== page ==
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Do’s and don’ts of visiting a Buddhist Temple

Diversity of culture and religion makes the world so delightful. It is only courteous that we maintain and follow the rules of a religion if we are visiting their temple. Many of the travelers interested in visiting the Buddhist temples have no idea about the customs of this religion. Visitors often make disgraceful mistakes and embarrass themselves. The South East Asian countries are dotted with beautiful Buddhist temples which don’t just look gorgeous but offer peace of mind and charm us to the core. If you are also planning to visit one of the famous pagodas or Buddhist temples then you must know the rules and customs.



Keep your shoes and hats outside:

You cannot enter a Buddhist temple wearing hat and shoes. You need to leave them outside. The Buddhists believe that wearing shoes and hat in front of the deity is an act of disrespect. You will easily locate the place where other people are also leaving their shoes. On the day of your visit don’t wear hat rather wrap a scarf around your head.

Dress and act in a respectful manner:

Do not wear short skirts, cropped pants or clothes that show your waist line or cleavage. Keep your body covered and dress decently. Keep your cell phones switched off and do not smoke or spit inside the temple. Speak in low voice and do not giggle. People go there to pray and you must respect the feelings of others. Never point at other people who have come to the temple or at the monks even if they seem exotic to you. It is rude because they are just like you and deserve to be treated with respect.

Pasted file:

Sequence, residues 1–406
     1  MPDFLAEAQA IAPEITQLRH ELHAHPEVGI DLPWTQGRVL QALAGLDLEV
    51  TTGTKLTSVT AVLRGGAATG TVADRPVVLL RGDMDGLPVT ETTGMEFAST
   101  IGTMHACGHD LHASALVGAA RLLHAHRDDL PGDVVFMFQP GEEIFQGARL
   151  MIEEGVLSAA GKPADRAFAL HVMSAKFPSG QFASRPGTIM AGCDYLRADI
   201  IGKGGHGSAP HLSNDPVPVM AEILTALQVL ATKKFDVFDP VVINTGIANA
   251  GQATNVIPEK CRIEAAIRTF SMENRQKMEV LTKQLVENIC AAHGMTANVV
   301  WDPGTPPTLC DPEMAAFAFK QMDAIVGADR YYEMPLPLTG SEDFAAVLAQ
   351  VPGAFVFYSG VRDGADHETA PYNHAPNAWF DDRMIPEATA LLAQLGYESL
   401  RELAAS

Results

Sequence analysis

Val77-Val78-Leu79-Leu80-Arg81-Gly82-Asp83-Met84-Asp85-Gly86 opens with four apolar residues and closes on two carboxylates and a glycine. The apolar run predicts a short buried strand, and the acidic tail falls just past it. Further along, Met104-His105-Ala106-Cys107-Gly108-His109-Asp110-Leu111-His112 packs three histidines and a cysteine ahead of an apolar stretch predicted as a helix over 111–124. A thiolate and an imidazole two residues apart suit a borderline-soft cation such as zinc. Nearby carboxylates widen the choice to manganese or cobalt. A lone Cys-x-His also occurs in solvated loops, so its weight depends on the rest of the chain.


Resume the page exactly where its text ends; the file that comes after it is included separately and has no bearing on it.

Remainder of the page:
Don’t be disrespectful to the deity:

If you are visiting the Buddhist temple then the least you can do is to show some respect. Do not abruptly turn your back to the Buddha statue. Take two, three back steps and then turn. Do not touch or take pictures of the deity without permission.

Don’t overlook the etiquettes while meeting monks:

Never seat above a monk and while giving them something use your right hand. Women cannot directly give monks anything or can’t touch them. Be sensitive and do not eat in front of a monk if you can avoid doing so because they keep fast each day after noon. While greeting a monk you should fold your hands, touch your palms together in a respectful manner, and bow your back.

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